Sri Lanka

The Tamils are an ancient people. Their history had its beginnings in the rich alluvial plains near the southern extremity of peninsular India which included the land mass known as the island of Sri Lanka today. The island’s plant and animal life (including the presence of elephants) evidence the earlier land connection with the Indian sub continent. So too do satellite photographs which show the submerged ‘land bridge’ between Dhanuskodi on the south east of the Indian sub-continent and Mannar in the north west of the island.

“The world doesn’t need any more proof to recognise the war crimes that are being committed against Tamils. Hospitals are bombed. People are deliberately forced into starvation and death. Voices of the victims are suppressed. Chemical weapons are used against innocent civilians. Many Tamils are locked up in barbed wired concentration camps… It is time for the West and India to support the Tamils to establish a State of their own”

TAMIL EELAM STRUGGLE FOR FREEDOM

… has energised and continues to energise the growing togetherness of  more than 80 million Tamils living today in many lands and across distant seas…  a togetherness rooted in a shared heritage, in memories of their valour, values and ideals… a togetherness expressed in a  rich language, literature, and a  vibrant culture the Tamils –  a nation without a state

Given President Rajapaksa’s genocidal record, it seems that his theory of reconciliation may be simply stated:  kill off as many Tamils as you can and then marry those that you have failed to kill.

Ethnic cleansing often occurs in stages . The preferred route of a conqueror is to achieve his objective without resort to violence – peacefully and stealthily. But when that fails, the would be conqueror turns to murderous violence and genocide to progress his assimilative agenda. Genocides do not just happen. And Sri Lanka is no exception to these general rules.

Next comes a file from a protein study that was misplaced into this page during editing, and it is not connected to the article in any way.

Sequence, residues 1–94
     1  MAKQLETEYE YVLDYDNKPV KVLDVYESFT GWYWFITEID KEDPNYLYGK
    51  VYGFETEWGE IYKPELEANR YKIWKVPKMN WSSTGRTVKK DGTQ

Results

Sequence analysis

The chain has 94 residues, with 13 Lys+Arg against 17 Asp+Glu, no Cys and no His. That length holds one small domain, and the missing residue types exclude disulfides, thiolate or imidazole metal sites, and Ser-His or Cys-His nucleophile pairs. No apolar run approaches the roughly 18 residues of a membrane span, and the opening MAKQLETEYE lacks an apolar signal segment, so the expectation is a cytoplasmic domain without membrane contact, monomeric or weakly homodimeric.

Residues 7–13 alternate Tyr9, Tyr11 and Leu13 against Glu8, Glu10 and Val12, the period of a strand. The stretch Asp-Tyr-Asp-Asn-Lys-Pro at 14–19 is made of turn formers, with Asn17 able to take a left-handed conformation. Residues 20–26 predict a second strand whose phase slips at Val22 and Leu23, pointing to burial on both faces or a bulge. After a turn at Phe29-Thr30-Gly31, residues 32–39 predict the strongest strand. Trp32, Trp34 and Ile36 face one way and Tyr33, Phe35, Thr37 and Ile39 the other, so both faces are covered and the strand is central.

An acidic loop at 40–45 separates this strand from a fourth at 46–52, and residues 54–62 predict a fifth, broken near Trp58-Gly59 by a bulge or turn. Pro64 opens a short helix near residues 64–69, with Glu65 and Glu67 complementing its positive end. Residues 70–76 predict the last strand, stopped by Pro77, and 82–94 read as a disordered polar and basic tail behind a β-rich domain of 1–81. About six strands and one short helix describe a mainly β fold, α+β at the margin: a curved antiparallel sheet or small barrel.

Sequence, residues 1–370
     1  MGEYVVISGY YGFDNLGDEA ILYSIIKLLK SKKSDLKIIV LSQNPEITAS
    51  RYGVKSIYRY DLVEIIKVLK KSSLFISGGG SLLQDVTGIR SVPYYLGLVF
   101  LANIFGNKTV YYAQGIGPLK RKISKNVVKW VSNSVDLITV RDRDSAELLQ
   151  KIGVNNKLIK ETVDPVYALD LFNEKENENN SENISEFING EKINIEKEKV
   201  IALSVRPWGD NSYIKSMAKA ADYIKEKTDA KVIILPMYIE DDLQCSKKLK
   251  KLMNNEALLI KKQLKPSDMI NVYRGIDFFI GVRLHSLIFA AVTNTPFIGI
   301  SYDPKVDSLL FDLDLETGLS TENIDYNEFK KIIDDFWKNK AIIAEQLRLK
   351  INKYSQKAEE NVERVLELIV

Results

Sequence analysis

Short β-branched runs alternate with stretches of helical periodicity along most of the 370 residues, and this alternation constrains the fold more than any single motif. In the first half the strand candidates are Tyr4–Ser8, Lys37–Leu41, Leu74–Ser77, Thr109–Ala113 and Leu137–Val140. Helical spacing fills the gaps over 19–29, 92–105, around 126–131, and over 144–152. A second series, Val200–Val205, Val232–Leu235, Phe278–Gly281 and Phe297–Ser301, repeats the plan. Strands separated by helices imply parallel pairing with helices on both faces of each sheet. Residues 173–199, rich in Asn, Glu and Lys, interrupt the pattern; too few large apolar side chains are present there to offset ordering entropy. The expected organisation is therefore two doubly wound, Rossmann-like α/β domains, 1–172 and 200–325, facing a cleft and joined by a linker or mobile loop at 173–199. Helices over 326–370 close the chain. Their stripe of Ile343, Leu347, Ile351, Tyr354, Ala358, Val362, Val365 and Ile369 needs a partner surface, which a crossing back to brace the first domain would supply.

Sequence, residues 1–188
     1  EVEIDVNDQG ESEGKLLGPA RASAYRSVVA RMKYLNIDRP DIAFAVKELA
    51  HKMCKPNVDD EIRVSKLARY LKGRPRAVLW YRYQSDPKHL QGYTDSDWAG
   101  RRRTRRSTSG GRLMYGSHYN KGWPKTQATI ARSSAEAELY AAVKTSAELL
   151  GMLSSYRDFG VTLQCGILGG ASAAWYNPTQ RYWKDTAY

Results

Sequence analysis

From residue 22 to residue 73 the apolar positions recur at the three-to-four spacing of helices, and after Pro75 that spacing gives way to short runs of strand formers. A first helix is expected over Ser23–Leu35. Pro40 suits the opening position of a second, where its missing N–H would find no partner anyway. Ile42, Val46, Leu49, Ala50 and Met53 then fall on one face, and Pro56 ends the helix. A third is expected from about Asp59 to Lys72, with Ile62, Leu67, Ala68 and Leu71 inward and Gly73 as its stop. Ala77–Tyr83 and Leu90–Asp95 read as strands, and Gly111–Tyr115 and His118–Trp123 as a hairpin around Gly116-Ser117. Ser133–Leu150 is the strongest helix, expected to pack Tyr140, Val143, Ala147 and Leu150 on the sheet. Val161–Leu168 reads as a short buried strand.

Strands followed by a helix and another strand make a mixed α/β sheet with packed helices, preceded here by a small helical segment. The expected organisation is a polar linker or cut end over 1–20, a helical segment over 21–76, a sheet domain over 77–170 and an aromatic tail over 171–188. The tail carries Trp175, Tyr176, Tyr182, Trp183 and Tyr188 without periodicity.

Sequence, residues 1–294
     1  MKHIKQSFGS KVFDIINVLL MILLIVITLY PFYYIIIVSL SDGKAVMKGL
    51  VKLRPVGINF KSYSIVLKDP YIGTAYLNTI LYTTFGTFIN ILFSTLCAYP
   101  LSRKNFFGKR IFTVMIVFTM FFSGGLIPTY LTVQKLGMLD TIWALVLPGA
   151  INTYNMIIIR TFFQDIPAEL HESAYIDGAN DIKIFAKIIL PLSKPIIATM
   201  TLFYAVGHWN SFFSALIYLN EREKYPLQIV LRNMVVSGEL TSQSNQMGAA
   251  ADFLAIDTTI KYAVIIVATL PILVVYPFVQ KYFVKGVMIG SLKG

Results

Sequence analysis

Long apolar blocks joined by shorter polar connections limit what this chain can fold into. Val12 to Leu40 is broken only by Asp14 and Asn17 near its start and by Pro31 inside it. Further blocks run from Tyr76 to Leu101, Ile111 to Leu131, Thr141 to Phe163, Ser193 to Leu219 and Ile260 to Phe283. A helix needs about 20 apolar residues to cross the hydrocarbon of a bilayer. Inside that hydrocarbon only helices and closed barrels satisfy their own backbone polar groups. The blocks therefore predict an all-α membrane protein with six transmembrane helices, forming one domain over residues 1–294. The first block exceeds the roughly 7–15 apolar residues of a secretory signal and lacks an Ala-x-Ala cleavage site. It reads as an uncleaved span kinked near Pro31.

In the island of Sri Lanka, the record shows that during the past sixty years and more, the intent and goal of all Sinhala governments (without exception) has been to secure the island as a Sinhala Buddhist Deepa.

“…One of the essential elements that must be kept in mind in understanding the Sri Lankan ethnic conflict is that, since 1958 at least, every time Tamil politicians negotiated some sort of power-sharing deal with a Sinhalese government – regardless of which party was in power – the opposition Sinhalese party always claimed that the party in power had negotiated away too much. In almost every case – sometimes within days – the party in power backed down on the agreement…” – Professor Marshall Singer, at US Congress Committee on 

International Relations Subcommittee on Asia and the Pacific Hearing on Sri Lanka November 14,1995

Tamils are today a trans state nation. They are a nation without a state. What is a nation? A nation is a community. A state is an institution. A nation is not a state. A nation is a togetherness rooted in the shared heritage of a people, in their memories of their valour and ideals. It is given expression in language, literature and culture. Language communicates the richest thoughts and gives expression to the noblest feelings of man. And the Tamil language is related to the thoughts and feelings of the Tamil people as they evolved over a period of two thousand years.